LAUNCHED: IPCC Special Report on Climate Change and Land and Summary for Policymakers
Climate Change and Land: an IPCC special report on climate change, desertification, land degradation, sustainable land management, food security, and greenhouse gas fluxes in terrestrial ecosystems(SRCCL) has been approved.
Over two years in the making, the Special Report on Climate Change and Landexplores how the way we use our land contributes to climate change and how climate change affects our land. It follows the Special Report on Global Warming of 1.5ºCreleased in October 2018.
The full title reflects the breadth of the report, which covers: greenhouse gas fluxes related to land; interactions between climate change and desertification, land degradation and food security; land-related impacts and risks; response options that help adapt to climate change; response options that reduce land-related emissions or enhance the take-up of carbon by land systems; and links to sustainable development more broadly. The approved Summary for Policymakers will be presented at a live-streamed press conference at 10 a.m.CEST on 8 August 2019 at the World Meteorological Organization.
Some facts and numbers behind the scene
- The Special Report on Climate Change and Landwas prepared by 107 leading scientists from 52 countriesacross all regions of the world, who acted as Coordinating Lead Authors, Lead Authors and Review
- 53% of the authors are from developing countries,making this the first IPCC report to have more authors from developing countries than from developed countries.
- The author teams in turn enlisted the help of 96 Contributing Authors and 11 Chapter Scientists
- Over 7,000 papers were assessed in this report
- The report received a total of 28,275 comments from expert reviewers and governments
What the report covers:
- Desertification, land degradation and food security are covered in Chapters 3, 4 and 5, making up the core of the report.
- Chapters 1-2 introduce and give the context to the report,with Chapter 2 looking at overall land and climate interactions.
- Chapter 3: Desertification •The specific nature of desertification •Status, current trends and future projections of desertification linked to climate change, globally and regionally •Climatic and anthropogenic direct and indirect drivers of desertification including extremes such as drought •Attribution: distinguishing between climatic-and human-induced changes •Desertification feedbacks to climate, including sand and dust storms •Climate-desertification interactions, including past observations and future projections •Observed and projected impacts of desertification on natural and human systems in a changing climate. This could include the role of aerosols and dust, impacts on ecosystem services (e.g. water, soil and soil carbon and biodiversity) and impacts on socio-ecological systems (e.g. impacts on vulnerable communities, poverty, food security, livelihoods, and migration). •Technological, socio-economic and policy responses todesertification under a changing climate including economic diversification, enabling conditions, co-benefits as well as limits to adaptation •Hotspots and case-studies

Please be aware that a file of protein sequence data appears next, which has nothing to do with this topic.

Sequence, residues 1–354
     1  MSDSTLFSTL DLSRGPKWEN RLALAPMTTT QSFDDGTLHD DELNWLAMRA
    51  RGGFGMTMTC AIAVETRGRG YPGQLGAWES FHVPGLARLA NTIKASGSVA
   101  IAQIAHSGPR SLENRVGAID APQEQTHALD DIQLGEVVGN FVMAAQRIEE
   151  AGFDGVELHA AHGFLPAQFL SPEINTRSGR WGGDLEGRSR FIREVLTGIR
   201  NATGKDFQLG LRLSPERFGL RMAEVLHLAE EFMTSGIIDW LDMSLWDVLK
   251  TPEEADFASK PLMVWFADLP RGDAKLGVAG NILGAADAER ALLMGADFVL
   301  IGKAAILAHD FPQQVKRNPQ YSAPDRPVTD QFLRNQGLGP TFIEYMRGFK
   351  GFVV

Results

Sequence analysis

- Chapter 4: Land Degradation •Processes that lead to degradation and their biophysical, socio-economic, and cultural drivers across multiple temporal and spatial scales •Linkages and feedbacks between land degradation and climate change, including extremes (e.g. floods and droughts), erosion, and their effects on ecosystems and livelihoods •Status, current trends and future projections of land degradation linked to climate change, globally and regionally •Attribution: distinguishing between climatic-and human-induced changes •Direct and indirect impacts of Climate Change on Land Degradation, Land Degradation on Climate Change, and reactive and proactive response options, such as land restoration, for key socio-ecological systems •Observed and projected impacts of land degradation on natural and human systems in a changing climate. This could include impacts on ecosystem services (e.g. water, soil and soil carbon, biodiversity) and impacts on socio-ecological systems (for example, impacts on vulnerable communities, poverty, food security,livelihoods, and migration). •Integrated higher-level responses, e.g. sustainable land management (where possible related to the SDGs), including considerations of cost, incentives and barriers and limits to adaptation •Hotspots and case-studies
- Chapter 5 covers food and nutrition security issues
- Chapter 6 examines links between desertification, land degradation, food security and greenhouse gas (GHG) fluxes as well as synergies and trade-offs associated with response options.
- Chapter 7 covers risks arising from interaction of climate change with desertification, land degradation, food security as well as management responses and decision-making across different scales.
The draft outline of the report was prepared in February 2017, and the Panel approved it in March of the same year during their 45thSession (Guadalajara, Mexico). The Special Report also has a Summary for Policymakers, a Technical Summary and Frequently Asked Questions.
A group of delegates, including Barron Joseph Orr. Lead Scientist, UN Convention to Combat Desertification (UNCCD), supported the UNCCD Land Degradation Neutrality target.